Beverly Hills Courier Exclusive: Hudnut Will Step Down from Planning Commission in June from Planning Commission

The Courier has learned that Beverly Hills Planning Commission Vice Chairman Thomas C. Hudnut will step down at the end of his term on June 30 and will not seek reappointment.

Hudnut had originally informed the City Council in a letter dated March 3 that he would resign effective as of “May 15 or upon completion of the LVMH/Cheval Blanc proceedings currently before the Commission, whichever comes first.”

Hudnut later revised the time frame in a second March 3 letter to the Council. The second letter noted, “In view of the potential for the Cheval Blanc approval process to go beyond the middle of May, I hereby request that my resignation from the Planning Commission coincide with the end of my term on June 30, 2022, at which time I will not seek reappointment. I would be derelict in my duty if I were to depart the Commission before resolving the Cheval Blanc proposal, given its importance to the city.”

Hudnut noted, “The proposed timing has the added benefit of giving the City Council and Planning Commission more time to consider the BHPC’s next Chair and appointment of a new Commissioner to fill the impending vacancy.”

Hudnut cites his appointment by Governor Newsom to the California Horse Racing Board as the reason he must leave his Commission post.

“The work of the CHRB is voluminous and time-consuming. It meets on Thursdays, as does the BHPC, making it impossible for me to serve both. Further, the travel required by service on the CHRB will take me away from Beverly Hills and make me less attuned to local affairs than a Planning Commissioner should be,” said Hudnut.

Hudnut was appointed to the Planning Commission in October of 2020. Prior to that, his illustrious career included 26 years as the head of first Harvard and later Harvard Westlake School.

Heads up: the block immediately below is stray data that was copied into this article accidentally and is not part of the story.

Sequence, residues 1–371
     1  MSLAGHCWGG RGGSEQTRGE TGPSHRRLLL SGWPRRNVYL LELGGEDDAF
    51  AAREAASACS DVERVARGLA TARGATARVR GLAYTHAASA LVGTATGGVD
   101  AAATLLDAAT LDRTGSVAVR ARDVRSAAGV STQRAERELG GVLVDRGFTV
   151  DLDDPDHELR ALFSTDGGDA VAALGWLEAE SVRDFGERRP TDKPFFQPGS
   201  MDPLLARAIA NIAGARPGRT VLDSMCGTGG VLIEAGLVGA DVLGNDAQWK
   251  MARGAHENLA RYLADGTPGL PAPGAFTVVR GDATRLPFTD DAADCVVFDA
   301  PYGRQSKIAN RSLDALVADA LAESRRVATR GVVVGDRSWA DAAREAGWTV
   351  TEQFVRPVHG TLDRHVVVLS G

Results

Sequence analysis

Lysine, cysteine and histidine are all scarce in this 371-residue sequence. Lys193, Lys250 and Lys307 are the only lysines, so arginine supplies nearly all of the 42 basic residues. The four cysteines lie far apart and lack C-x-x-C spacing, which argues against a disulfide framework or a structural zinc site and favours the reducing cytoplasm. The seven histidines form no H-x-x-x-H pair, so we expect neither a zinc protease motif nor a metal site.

“Serving on the Beverly Hills Planning Commission has been a distinct privilege. I have made friends, learned a lot, and, I hope, accomplished some good in the process. I will be forever grateful to the City Council for having appointed me,” Hudnut’s letter to the Council said.

Although Hudnut’s first term expires in June, his tenure on the Planning Commission had been expected to last significantly longer. That is because Commissioners may be (and typically are) reappointed for a second term of up to four years at the discretion of the City Council after their initial two-year term expires.

When reached by the Courier, Hudnut described his service as an “honor and a pleasure.”

He added, “I have enjoyed my fellow commissioners and the department’s staff – they’re all dedicated and smart.”

Planning Commission Chairman Andy Licht described Hudnut’s resignation as a “huge loss for Beverly Hills.”

“Tom is one of the smartest, hardest working people I have ever had the pleasure of working with,” Licht told the Courier. “The good news is, I won’t have to consult my dictionary quite as often.”

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